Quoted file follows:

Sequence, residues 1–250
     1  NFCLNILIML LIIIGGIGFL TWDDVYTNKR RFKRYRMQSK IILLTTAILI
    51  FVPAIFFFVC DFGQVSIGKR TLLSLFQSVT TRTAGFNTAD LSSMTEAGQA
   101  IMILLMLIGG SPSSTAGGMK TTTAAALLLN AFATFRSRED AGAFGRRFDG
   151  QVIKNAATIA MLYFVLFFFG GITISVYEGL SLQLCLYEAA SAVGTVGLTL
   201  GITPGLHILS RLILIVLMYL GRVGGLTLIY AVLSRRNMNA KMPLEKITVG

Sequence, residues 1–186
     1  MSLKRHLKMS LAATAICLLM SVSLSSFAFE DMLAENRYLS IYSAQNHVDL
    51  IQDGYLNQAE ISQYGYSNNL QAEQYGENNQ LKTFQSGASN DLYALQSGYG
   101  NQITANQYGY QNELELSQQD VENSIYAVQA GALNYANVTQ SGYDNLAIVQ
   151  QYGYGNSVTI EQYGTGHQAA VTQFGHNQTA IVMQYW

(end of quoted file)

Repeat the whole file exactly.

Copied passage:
Sequence, residues 1–250
     1  NFCLNILIML LIIIGGIGFL TWDDVYTNKR RFKRYRMQSK IILLTTAILI
    51  FVPAIFFFVC DFGQVSIGKR TLLSLFQSVT TRTAGFNTAD LSSMTEAGQA
   101  IMILLMLIGG SPSSTAGGMK TTTAAALLLN AFATFRSRED AGAFGRRFDG
   151  QVIKNAATIA MLYFVLFFFG GITISVYEGL SLQLCLYEAA SAVGTVGLTL
   201  GITPGLHILS RLILIVLMYL GRVGGLTLIY AVLSRRNMNA KMPLEKITVG

Sequence, residues 1–186
     1  MSLKRHLKMS LAATAICLLM SVSLSSFAFE DMLAENRYLS IYSAQNHVDL
    51  IQDGYLNQAE ISQYGYSNNL QAEQYGENNQ LKTFQSGASN DLYALQSGYG
   101  NQITANQYGY QNELELSQQD VENSIYAVQA GALNYANVTQ SGYDNLAIVQ
   151  QYGYGNSVTI EQYGTGHQAA VTQFGHNQTA IVMQYW